Additionally, while the invention has been described in conjunction with the use of a laser as an energy source for the marking of a chip or chips, any suitable energy source may be used in place of the laser energy source, such as a focused ultraviolet light source, electron beam, focused and directed hot air source, etc.

Claims (34)

What is claimed is:
1. A laser marking apparatus comprising:
at least one chip feeder for automatically feeding individual semiconductor chips to a marking location;
at least one laser having a laser beam mounted adjacent said at least one chip feeder, said laser beam aligned and directed toward a chip after feeding said individual semiconductor chip by said chip feeder to said marking location of said laser marking apparatus, said at least one laser comprising one type laser of a Nd:YAG laser, a Nd:YLF laser, and a carbon dioxide laser;
a laser reactive material applicator mounted adjacent said marking location of said laser marking apparatus, said applicator for applying a laser reactive material to a surface of said individual semiconductor chips for producing a mark thereon upon contact by said laser beam, said laser beam of said at least one laser contacting said laser reactive material applied to said surface of said individual semiconductor chips for producing said mark on said surface of said individual semiconductor chips.
2. The laser marking apparatus of claim 1, wherein said at least one chip feeder includes a magazine.
3. The laser marking apparatus of claim 1, wherein said at least one chip feeder includes at least one conveyor mechanism.
4. The laser marking apparatus of claim 1, wherein said at least one chip feeder includes at least one carrier containing at least one chip.
5. The laser marking apparatus of claim 4, wherein said at least one chip has at least two exposed surfaces when disposed in said at least one carrier.
6. The laser marking apparatus of claim 5, wherein said at least one chip feeder includes a track.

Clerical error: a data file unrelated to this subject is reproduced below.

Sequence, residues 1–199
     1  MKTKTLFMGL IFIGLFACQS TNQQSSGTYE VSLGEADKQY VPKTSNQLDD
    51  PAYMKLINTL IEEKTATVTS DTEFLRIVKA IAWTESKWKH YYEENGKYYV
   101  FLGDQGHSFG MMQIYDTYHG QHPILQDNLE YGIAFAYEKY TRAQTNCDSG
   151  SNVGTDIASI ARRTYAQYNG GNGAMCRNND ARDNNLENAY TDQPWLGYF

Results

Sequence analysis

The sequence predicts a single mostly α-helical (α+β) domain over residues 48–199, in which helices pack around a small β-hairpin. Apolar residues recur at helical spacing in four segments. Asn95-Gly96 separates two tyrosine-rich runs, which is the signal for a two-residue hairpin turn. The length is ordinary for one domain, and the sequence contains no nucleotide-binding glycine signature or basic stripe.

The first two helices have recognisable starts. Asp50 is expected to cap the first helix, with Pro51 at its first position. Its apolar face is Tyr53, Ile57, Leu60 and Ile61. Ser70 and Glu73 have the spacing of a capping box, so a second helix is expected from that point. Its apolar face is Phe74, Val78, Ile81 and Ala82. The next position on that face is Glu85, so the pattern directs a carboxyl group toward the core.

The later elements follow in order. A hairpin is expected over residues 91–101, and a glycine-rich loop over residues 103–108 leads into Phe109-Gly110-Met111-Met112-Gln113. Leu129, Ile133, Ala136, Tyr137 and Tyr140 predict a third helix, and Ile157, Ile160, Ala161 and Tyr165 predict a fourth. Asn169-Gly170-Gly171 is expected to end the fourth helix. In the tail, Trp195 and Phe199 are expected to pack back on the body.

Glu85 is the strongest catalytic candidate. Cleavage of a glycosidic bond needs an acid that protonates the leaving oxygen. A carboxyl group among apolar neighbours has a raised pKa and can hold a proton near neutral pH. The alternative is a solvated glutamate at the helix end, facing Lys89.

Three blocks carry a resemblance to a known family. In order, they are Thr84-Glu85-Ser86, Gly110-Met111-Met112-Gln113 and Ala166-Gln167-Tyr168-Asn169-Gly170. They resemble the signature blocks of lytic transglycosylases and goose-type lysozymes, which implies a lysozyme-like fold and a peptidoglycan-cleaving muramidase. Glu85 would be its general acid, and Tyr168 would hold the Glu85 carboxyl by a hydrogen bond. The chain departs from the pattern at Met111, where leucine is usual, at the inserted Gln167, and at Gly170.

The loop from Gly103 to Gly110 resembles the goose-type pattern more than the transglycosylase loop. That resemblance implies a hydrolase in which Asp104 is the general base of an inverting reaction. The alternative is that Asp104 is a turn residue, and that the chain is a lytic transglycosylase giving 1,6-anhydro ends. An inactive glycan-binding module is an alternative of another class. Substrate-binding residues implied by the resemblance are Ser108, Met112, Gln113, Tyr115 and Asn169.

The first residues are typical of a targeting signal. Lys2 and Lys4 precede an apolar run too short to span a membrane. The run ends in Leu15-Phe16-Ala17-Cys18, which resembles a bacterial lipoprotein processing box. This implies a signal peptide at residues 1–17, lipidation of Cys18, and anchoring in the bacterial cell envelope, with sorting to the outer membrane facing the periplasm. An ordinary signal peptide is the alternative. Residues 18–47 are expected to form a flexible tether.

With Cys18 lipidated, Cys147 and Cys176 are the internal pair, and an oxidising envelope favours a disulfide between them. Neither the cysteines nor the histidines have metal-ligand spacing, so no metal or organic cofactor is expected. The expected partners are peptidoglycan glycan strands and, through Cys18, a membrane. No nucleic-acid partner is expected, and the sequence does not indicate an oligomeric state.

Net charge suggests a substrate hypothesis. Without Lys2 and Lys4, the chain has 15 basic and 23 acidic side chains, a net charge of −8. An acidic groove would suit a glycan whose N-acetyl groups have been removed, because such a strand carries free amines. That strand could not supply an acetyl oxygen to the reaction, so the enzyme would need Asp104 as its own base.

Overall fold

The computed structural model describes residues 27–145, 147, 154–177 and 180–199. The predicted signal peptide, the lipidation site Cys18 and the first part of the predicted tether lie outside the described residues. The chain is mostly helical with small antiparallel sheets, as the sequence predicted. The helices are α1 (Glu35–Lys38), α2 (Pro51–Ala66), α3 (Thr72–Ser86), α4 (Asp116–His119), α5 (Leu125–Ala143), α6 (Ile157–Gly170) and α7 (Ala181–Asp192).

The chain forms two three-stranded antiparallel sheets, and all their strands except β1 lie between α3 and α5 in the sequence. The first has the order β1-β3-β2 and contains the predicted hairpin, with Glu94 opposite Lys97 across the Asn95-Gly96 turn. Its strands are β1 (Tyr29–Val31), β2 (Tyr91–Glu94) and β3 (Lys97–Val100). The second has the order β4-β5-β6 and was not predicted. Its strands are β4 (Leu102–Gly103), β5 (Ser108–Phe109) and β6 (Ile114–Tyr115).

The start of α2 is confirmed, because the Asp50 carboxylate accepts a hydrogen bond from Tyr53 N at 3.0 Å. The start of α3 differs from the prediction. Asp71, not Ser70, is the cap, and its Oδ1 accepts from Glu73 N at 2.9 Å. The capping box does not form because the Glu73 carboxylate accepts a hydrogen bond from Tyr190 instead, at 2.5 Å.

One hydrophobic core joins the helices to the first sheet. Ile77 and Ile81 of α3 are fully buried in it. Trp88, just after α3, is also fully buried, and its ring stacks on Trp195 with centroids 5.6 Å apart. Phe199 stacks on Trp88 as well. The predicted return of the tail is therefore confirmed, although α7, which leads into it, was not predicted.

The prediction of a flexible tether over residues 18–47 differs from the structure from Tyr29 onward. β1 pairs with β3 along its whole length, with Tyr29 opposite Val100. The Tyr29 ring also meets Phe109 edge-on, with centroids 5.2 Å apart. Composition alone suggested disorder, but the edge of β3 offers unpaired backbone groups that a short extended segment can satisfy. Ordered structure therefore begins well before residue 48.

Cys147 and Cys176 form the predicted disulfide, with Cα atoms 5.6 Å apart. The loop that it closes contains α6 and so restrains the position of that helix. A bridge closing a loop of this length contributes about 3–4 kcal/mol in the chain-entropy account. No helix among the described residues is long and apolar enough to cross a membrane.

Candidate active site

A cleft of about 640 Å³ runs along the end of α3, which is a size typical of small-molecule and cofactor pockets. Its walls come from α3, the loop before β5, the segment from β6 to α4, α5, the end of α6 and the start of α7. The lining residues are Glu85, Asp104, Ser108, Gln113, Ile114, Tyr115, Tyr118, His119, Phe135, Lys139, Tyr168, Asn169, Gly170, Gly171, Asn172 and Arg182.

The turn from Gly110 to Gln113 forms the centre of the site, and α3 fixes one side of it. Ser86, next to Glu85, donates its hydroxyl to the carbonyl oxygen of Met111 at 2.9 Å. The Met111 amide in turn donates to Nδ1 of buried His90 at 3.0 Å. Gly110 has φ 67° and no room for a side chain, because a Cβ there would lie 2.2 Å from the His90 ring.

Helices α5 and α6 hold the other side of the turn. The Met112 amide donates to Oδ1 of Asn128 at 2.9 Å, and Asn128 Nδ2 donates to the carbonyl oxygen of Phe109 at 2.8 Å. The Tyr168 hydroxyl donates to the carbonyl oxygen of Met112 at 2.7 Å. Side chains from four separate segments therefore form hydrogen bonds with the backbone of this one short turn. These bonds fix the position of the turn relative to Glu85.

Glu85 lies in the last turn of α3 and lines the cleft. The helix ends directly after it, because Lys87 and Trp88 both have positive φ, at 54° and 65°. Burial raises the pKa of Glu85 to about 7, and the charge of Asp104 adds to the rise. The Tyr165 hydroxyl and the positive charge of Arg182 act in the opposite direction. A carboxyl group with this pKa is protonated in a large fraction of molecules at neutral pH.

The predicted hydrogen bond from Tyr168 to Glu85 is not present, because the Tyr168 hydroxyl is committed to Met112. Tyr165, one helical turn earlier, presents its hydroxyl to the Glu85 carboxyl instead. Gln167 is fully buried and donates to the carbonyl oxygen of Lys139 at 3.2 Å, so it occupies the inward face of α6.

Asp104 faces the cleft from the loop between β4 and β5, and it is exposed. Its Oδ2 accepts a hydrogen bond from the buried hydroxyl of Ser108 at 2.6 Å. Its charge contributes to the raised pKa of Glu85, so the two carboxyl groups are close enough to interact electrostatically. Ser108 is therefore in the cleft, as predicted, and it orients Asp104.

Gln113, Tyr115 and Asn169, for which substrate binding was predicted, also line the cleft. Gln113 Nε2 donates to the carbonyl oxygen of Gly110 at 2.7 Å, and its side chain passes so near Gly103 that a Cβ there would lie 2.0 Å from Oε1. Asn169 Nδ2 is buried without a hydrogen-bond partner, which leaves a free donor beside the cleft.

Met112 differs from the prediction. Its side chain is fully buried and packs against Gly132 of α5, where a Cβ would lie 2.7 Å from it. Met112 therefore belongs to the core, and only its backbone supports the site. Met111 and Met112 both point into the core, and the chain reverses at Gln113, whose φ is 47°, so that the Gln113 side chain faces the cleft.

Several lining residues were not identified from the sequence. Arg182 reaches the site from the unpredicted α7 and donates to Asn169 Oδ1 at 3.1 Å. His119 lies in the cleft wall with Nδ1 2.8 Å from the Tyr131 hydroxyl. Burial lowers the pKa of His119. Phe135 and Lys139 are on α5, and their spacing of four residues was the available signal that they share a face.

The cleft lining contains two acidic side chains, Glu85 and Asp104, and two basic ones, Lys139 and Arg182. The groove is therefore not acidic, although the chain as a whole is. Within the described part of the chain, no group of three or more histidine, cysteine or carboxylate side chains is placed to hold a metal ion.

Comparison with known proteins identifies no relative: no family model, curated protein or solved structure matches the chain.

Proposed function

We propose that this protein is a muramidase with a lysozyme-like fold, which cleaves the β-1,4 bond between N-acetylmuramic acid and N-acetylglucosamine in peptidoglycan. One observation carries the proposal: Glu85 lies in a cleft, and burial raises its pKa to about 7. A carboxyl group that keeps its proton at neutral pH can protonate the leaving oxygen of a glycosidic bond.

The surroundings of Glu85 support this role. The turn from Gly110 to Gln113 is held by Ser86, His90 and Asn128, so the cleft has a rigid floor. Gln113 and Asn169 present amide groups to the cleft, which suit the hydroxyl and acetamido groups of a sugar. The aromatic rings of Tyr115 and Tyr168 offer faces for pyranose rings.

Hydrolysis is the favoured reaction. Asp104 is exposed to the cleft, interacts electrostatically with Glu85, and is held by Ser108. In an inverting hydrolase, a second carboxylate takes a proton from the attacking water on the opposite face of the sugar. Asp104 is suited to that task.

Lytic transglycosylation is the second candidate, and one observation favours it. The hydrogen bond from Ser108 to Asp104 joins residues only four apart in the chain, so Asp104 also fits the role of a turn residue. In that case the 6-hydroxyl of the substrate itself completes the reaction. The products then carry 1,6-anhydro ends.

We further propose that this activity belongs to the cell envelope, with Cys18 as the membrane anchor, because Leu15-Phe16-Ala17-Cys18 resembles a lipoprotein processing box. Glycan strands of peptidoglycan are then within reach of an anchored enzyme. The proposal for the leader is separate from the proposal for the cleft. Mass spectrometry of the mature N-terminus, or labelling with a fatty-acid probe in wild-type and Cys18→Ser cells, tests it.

7. The laser marking apparatus of claim 6, wherein said at least one carrier is oriented in an inverted position on said track.
8. The laser marking apparatus of claim 6, wherein said at least one laser is oriented in an inverted position relative to said track.
9. The laser marking apparatus of claim 1, wherein said at least one chip feeder is gravity fed.
10. The laser marking apparatus of claim 9, further including at least one automated indexing pin for holding said individual semiconductor chips in position against gravity.
11. The laser marking apparatus of claim 1, wherein said at least one laser is movable in at least one direction.
12. The laser marking apparatus of claim 11, wherein said laser reactive material applicator is movable in conjunction with said at least one laser.
13. The laser marking apparatus of claim 1, wherein said laser reactive material contains a pigment.
14. The laser marking apparatus of claim 1, wherein said laser reactive material changes color when exposed to said laser beam.
15. The laser marking apparatus of claim 1, wherein said laser reactive material is an epoxy.
16. The laser marking apparatus of claim 1, wherein said laser reactive material is a resin.
17. The laser marking apparatus of claim 1, wherein said laser reactive material is heat absorbent.
18. The laser marking apparatus of claim 1, wherein said laser reactive material is a ribbon of ink bearing material.
19. The laser marking apparatus of claim 1, further including a CPU for controlling said laser marking apparatus.